Spain Weighs New Lifeline to Save Companies From Collapse
Spain is considering pledging additional funds to help companies pay their suppliers on time, a move that aims to stave off the collapse of businesses struggling to survive the coronavirus crisis.
The government of Prime Minister Pedro Sanchez has already vowed to guarantee as much as 100 billion euros ($109 billion) in bank loans to companies to help them tackle cash flow problems. But the program may not be enough to address delays in short-term credit claims between businesses, which are equivalent to almost one-third of Spain’s total economic output.
Economy Minister Nadia Calvino said on Tuesday that the government would allow a state agency to begin to re-insure the companies that already insure those short-term credit claims. “Payments to suppliers and short-term credit claims are critical channels to ensure that financing flows throughout the economy,” Calvino said in a televised press conference.
The government still has to provide details on the size of the guarantee it will provide to the reinsurance company. Madrid is also considering other measures, according to people familiar with the matter.
One additional response could be a new line of state-backed credits that could be tapped by banks to specifically lend to companies that in turn pay their suppliers, the people said on condition of anonymity.
With restrictions on many citizens and businesses in Spain set to remain in place until at least the first half of May, the additional steps may help allay concerns that the government hasn’t done enough to limit job losses and keep companies afloat.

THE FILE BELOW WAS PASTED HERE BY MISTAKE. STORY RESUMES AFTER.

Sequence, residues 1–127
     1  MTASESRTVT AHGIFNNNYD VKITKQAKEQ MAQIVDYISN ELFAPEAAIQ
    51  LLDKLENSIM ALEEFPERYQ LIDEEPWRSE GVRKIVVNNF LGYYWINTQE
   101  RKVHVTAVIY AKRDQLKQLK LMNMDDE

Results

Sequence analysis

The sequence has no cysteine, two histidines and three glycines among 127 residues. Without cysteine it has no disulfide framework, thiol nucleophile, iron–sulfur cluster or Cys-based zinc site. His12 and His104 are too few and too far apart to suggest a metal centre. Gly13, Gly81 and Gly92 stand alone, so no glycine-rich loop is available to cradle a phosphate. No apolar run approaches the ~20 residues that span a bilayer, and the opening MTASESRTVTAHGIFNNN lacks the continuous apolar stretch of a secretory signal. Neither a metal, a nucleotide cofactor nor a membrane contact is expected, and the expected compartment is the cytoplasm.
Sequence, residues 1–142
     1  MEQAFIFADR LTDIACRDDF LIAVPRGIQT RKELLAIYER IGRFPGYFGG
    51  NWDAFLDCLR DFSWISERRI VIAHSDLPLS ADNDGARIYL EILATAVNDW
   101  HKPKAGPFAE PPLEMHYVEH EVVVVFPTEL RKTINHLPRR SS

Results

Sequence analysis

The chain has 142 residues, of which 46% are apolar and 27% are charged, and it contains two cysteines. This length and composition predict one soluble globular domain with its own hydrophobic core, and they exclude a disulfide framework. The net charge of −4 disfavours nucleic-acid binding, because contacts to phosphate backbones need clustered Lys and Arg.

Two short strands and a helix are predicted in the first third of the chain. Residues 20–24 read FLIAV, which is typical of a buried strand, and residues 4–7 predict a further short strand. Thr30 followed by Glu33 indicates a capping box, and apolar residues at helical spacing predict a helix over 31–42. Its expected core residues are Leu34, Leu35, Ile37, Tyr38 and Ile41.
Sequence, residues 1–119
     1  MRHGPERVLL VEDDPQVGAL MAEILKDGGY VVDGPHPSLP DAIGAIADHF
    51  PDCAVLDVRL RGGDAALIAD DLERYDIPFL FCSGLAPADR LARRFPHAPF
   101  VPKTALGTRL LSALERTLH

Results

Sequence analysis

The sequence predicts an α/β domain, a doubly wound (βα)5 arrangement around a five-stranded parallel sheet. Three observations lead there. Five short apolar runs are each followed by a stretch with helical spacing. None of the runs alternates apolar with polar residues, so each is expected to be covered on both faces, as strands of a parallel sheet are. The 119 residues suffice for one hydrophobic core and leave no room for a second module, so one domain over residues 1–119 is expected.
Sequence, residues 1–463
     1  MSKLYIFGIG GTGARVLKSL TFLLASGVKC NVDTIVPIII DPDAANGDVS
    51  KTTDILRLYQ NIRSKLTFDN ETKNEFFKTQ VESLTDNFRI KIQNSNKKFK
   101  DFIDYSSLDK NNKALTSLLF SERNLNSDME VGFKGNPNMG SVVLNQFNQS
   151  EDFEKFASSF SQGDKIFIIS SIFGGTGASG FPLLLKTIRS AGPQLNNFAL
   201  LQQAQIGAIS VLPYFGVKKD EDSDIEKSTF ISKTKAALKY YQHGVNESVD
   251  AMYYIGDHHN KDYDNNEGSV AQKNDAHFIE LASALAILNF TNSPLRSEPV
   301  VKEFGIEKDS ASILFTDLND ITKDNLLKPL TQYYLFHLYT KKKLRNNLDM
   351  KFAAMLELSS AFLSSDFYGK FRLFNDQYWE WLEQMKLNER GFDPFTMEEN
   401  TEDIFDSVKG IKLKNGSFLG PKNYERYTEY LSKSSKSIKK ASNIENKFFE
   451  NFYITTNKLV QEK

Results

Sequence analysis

The collapse of suppliers -- typically small and medium-sized companies in Spain -- would reverberate throughout the European Union’s fourth-largest economy as it faces the biggest recession in decades. The Bank of Spain said on Monday gross domestic product could shrink by as much as 12% this year. The central bank’s economists say the pace of economic recovery after the pandemic will largely depend on how many businesses survive the downturn.
The concerns have forced officials to consider additional fiscal measures, the people said.
The loan guarantee program already in place allows banks to help companies pay suppliers. But policy makers say that in practice banks aren’t issuing enough state-backed loans to address an increased delay in payments.
Some economists and policy makers say banks appear to be prioritizing lending to companies for other operations, such as paying employees’ salaries. And the sheer magnitude of outstanding short-term credit claims between businesses means that even if banks start to focus on that market, the current loan guarantee program is likely to fall short.
Calvino said on Tuesday that the Economy Ministry will analyze the loans that have been granted so far by banks to see if the government should consider changing any of the guarantee requirements moving forward.
Another potential response under consideration would be to provide financial incentives to suppliers, for instance, to ask banks to liquidate the claims they have against a buyer, the people said. The government would then potentially provide some guarantees for the banks taking on that risk.
©2020 Bloomberg L.P.